Quantifiers for countable nouns (plural) Quantifiers for uncountable nouns Quantifiers for both countable and uncountable nouns
    some, many, a few, several, plenty of, little, less, muchsome, a lot of
    Examples:

    1. Some people don’t want to work yet have everything in life.

    2. We have kept a few chocolates for you.
    Examples:

    1. Little work has been done about this case.

    2. She does not have much money with her.
    Examples:

    1. Some people are waiting for you.

    There is some food left for you in the box.

    2. A lot of teachers are protesting at the main gate.

    You need to have a lot of patience.

    Important points to note:

    1. Few, a few, and the few have different meanings and should be used accordingly.

    FEW = It has a negative connotation and is used to mean not many.
    A FEW = It has a positive meaning. It means ‘some’ but ‘not a lot’.
    THE FEW = It means ‘all that’s there’, but the number is still not big.

    Examples:

    • Only few people live close to me; I have to do everything on my own. (The number is negligible)
    • I know a few people who can help you. (some people, but not many)
    • The police locked the few people who were helping him get away. (All the people who were there, but the number was not big)

    Note that all quantifiers formed using ‘few’ are used with a plural noun.

    2. Little, a little, and the little have different meanings and should be used accordingly.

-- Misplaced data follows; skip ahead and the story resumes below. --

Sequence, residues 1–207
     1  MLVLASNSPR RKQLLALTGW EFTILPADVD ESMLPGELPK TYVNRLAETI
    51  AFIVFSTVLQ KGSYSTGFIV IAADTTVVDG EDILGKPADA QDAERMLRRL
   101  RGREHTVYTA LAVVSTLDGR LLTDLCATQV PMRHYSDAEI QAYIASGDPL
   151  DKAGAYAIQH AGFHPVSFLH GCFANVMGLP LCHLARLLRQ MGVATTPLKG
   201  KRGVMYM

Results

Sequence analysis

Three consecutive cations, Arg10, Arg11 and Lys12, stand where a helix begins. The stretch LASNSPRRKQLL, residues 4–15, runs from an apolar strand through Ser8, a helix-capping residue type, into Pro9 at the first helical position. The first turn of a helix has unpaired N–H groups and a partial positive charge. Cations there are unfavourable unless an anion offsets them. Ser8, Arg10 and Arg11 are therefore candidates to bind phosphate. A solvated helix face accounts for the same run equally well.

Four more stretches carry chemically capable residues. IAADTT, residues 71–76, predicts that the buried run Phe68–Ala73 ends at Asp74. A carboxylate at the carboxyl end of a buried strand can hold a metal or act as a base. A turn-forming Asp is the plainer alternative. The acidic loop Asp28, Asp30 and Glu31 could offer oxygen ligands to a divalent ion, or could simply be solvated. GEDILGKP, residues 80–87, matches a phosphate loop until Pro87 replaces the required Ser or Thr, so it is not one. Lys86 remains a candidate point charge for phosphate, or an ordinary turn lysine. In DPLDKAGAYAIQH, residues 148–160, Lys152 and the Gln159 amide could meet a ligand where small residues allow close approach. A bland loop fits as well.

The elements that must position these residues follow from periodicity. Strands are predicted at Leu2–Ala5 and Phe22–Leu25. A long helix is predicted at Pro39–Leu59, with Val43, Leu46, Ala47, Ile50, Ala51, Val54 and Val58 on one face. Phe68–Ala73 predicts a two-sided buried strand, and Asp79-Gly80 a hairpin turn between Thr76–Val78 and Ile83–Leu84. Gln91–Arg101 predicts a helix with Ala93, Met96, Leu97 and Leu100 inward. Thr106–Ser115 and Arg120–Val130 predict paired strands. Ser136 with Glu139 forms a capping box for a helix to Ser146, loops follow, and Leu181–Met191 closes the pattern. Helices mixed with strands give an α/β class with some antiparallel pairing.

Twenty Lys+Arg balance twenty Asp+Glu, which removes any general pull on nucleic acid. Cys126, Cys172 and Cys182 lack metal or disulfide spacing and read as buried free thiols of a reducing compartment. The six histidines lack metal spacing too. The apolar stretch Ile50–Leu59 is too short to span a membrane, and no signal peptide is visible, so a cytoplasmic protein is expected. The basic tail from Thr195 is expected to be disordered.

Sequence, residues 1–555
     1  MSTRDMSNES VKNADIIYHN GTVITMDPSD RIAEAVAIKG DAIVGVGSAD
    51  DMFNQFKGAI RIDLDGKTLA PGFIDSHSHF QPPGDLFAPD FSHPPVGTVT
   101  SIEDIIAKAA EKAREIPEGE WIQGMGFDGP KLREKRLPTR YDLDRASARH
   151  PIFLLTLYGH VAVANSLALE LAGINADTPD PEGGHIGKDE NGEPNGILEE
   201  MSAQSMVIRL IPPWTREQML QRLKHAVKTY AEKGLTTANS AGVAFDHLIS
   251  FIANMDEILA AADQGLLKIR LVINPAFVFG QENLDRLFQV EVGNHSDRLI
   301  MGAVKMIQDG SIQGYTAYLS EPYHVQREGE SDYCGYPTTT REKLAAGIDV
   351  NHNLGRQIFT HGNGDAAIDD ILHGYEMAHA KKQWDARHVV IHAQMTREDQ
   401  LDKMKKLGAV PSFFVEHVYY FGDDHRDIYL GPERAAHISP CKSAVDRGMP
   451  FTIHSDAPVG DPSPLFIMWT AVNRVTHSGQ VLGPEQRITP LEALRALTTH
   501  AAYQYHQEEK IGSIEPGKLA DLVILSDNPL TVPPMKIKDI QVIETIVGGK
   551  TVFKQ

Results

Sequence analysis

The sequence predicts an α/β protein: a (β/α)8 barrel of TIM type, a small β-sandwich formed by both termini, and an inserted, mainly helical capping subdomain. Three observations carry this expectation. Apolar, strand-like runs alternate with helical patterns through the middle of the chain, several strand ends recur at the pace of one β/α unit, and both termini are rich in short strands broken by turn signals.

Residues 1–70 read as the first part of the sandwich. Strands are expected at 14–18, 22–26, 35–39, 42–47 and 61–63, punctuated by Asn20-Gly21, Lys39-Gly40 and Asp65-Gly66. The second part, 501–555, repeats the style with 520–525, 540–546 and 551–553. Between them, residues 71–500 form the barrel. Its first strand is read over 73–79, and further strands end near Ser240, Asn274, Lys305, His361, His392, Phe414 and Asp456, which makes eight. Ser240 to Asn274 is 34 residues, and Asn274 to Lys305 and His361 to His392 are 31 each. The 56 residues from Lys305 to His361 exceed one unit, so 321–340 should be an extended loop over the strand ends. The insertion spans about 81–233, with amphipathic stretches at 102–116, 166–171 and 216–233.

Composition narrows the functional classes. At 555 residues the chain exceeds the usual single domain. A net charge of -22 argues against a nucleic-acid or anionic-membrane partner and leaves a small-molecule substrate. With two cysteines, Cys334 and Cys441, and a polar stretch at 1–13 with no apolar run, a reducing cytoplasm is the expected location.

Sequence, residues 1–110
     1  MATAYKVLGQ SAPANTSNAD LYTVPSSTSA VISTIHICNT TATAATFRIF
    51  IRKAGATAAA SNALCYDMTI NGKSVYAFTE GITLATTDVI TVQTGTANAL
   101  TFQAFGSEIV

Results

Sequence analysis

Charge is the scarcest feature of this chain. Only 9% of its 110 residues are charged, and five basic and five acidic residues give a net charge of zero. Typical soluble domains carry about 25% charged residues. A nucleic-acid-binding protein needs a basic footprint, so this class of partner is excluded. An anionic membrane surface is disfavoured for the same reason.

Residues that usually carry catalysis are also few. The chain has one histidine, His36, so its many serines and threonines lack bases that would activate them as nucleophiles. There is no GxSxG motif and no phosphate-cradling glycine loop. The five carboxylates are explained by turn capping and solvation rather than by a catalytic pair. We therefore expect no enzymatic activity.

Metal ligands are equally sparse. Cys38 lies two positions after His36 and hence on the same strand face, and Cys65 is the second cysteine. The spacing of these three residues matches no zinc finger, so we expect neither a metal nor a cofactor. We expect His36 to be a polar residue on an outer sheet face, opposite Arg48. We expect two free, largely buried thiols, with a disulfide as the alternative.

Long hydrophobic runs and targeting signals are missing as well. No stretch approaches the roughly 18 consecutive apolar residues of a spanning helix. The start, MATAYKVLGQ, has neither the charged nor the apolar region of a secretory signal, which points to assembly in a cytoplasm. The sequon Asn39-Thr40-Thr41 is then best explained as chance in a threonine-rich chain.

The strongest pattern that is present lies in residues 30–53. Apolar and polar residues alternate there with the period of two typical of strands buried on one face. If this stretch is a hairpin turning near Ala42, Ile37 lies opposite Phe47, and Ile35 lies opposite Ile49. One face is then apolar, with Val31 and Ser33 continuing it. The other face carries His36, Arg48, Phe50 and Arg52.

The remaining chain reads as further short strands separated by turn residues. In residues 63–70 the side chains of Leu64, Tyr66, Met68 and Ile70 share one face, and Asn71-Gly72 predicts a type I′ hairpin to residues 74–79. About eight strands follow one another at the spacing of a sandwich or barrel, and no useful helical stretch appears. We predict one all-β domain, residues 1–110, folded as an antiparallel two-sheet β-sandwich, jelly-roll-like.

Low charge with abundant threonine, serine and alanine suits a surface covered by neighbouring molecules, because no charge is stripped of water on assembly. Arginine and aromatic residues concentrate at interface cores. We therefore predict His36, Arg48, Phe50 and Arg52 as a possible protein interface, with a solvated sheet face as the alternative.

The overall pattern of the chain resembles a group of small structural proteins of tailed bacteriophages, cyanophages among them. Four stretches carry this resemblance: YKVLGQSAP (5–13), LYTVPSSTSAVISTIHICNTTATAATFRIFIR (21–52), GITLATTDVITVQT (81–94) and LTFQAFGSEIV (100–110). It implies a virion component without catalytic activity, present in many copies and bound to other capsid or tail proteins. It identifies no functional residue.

LITTLE = It has a negative connotation and is used to mean not much.
    A LITTLE = It has a positive meaning. It means ‘some’ but ‘not a lot’.
    THE LITTLE = It means ‘all that’s there’, but the quantity is still not big.

    Examples:

    • There is little curd in the bowl. (almost nothing)
    • There is a little stain on your shirt. 
    • Jon ate the little cheese left in the fridge. (all of it, but it was not much)

    Note that all quantifiers formed using ‘little’ are used with a singular uncountable noun.

    3. Numbers can be a part of quantifiers but we don’t generally group it with determiners.

    Two or more determiners are not used from the same category. In fact, two determiners are hardly used together to modify a noun. We can have multiple premodifiers, but they need to be from different categories. Numbers are not made a part of determiners as they can be coupled with other determiners (except quantifiers).

    • The many students ❌
    • Some many students ❌
    • Those some students ❌
    • Every a lot of students ❌
    • Our some these students ❌

    I have tried showing you that two or more determiners are not used together in a noun phrase. But numbers and other determiners (leaving quantifiers) can be a part of a noun phrase and modify a noun. But note that numbers come after a determiner; they can come before a determiner.

    • These 5 students are briliant.
    • My 6 players team is doing great.
    • Those 4 girls are the best singers we have in the group.

    Note: the word ‘all’ can come before another determiner, unlike other determiners.

    • All these people love and support you.
    • All my friends are waiting for me outside.
    • All the videos I released last month are doing well.

    4. Less vs Fewer